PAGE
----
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Taking Charge of Learning: Tips for Students

My recurring pedagogical theme is that each student is at
the center of his or her learning. As teachers-professors we catalyze. We coach. We connect. In the end, however, each student must take personal responsibility for learning. Properly used, each student’s computer is an efficient and very effective tool that enhances the pursuit of this responsibility.

Along those lines, here are some views that professors may find useful to pass along to their students. First, use e-mail to form a learning support group with students in the same class and keep in touch throughout the course. Consult with the professor to clarify a confusing assignment. Share the response with the rest of the class. Use e-mail to help others, and to get help from others.

Second, use the Web to gain access to alternative views and examples that match interests and needs. Become proficient in the use of a search engine, like Google, by reading about and using some of its special features. Above all, constantly evaluate the validity of the material you are reading: Look for sites that are endorsed by credible groups of experts and/or sponsored by respected organizations without an axe to grind

Third, keep it simple. Settle on one or two passwords to protected sites (so they can be remembered). Make a conscious decision about when to turn off Instant Messenger and similar programs that allow others to interrupt studying and thinking time.

Fourth, limit dangerous uses of the computer. E-mail is a wonderful medium for good news and positive reactions, and it is a very bad way to deliver bad news and disagreement. In the same vein, send copies of memos only to people who will be able to place them in the proper context and interpret the messages in the same way. Don’t forward an electronic memo you’ve received from someone else without gaining his or her permission. Avoid offensive material, and remember, material that may not offend the person receiving the memo may offend one of the copy recipients.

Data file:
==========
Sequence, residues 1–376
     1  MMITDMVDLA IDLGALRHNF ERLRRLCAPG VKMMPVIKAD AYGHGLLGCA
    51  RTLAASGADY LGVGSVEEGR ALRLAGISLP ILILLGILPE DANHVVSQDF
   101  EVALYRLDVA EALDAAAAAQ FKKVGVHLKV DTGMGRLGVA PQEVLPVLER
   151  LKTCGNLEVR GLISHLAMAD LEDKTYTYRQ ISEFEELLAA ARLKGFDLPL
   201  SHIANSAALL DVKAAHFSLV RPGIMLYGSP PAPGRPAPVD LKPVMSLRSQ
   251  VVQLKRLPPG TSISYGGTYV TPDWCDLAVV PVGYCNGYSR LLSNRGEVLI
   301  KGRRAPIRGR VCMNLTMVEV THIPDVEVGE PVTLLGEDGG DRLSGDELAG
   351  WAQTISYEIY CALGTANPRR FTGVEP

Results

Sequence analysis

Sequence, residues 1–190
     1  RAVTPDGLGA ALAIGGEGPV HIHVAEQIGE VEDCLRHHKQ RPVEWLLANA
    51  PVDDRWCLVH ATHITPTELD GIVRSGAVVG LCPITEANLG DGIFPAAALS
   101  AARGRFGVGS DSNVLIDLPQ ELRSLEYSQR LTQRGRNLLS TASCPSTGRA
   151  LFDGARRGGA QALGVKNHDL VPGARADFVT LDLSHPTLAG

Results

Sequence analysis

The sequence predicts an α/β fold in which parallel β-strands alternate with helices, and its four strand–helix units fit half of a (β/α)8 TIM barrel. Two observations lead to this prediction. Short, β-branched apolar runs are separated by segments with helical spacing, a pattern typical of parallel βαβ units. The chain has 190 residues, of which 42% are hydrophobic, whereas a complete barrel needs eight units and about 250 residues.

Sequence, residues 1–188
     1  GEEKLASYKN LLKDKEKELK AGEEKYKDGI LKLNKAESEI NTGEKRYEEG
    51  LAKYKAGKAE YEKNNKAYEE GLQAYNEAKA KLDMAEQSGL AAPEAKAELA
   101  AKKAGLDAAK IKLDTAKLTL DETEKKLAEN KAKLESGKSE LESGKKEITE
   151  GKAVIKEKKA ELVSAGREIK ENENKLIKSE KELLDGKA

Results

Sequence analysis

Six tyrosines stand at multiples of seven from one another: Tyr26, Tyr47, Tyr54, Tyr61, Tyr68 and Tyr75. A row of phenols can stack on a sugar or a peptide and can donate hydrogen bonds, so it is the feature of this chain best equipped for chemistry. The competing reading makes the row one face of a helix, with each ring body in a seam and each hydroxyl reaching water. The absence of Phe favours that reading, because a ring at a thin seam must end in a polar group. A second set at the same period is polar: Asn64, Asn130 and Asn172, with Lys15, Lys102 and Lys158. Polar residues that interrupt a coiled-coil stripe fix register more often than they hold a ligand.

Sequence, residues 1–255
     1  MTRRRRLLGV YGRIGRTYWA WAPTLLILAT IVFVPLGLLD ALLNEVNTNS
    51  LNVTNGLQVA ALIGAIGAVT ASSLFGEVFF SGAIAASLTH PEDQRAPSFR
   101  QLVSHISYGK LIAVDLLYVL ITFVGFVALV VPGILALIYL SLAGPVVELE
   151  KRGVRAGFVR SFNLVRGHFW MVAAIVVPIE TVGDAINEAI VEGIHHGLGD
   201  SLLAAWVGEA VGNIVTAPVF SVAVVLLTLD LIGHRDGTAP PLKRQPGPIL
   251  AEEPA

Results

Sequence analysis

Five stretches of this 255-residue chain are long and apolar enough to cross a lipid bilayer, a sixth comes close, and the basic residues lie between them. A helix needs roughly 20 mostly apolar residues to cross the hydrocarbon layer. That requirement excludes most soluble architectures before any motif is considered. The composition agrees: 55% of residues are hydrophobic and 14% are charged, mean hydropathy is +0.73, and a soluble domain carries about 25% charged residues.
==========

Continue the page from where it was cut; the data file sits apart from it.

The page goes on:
Recognize that there is no such thing as a confidential, restricted access, or sufficiently deleted computer message. Once you have typed and sent an e-mail, it may be seen by almost anyone and it will likely become a permanent part of the record.

Finally, anticipate breakdowns. Don’t expect friends or professors to respond to an e-mail in less than 48 hours. Complete network-dependent, time-critical assignments a day or two early, so that you can tolerate an unexpected crash of the network when it is impossible to access any material through your computer.

Keep both electronic and print copies of all personally authored (or team authored) papers. Back up your computer hard-drive (for example, by burning a CD) at least twice a month. At the end of a course, anticipate that you will not always have the same access to electronic materials used in your course by transferring key items to your own computer, a CD, or a server that will continue to be accessible.

These five simple principles—use e-mail, use the Web, keep it simple, be cautious, and anticipate breakdowns. All of the above will go a long way toward enabling each student truly to profit from computer usage.

About the Author

David Brown ([email protected]) is vice president and dean of the International Center for Computer Enhanced Learning at Wake Forest University.

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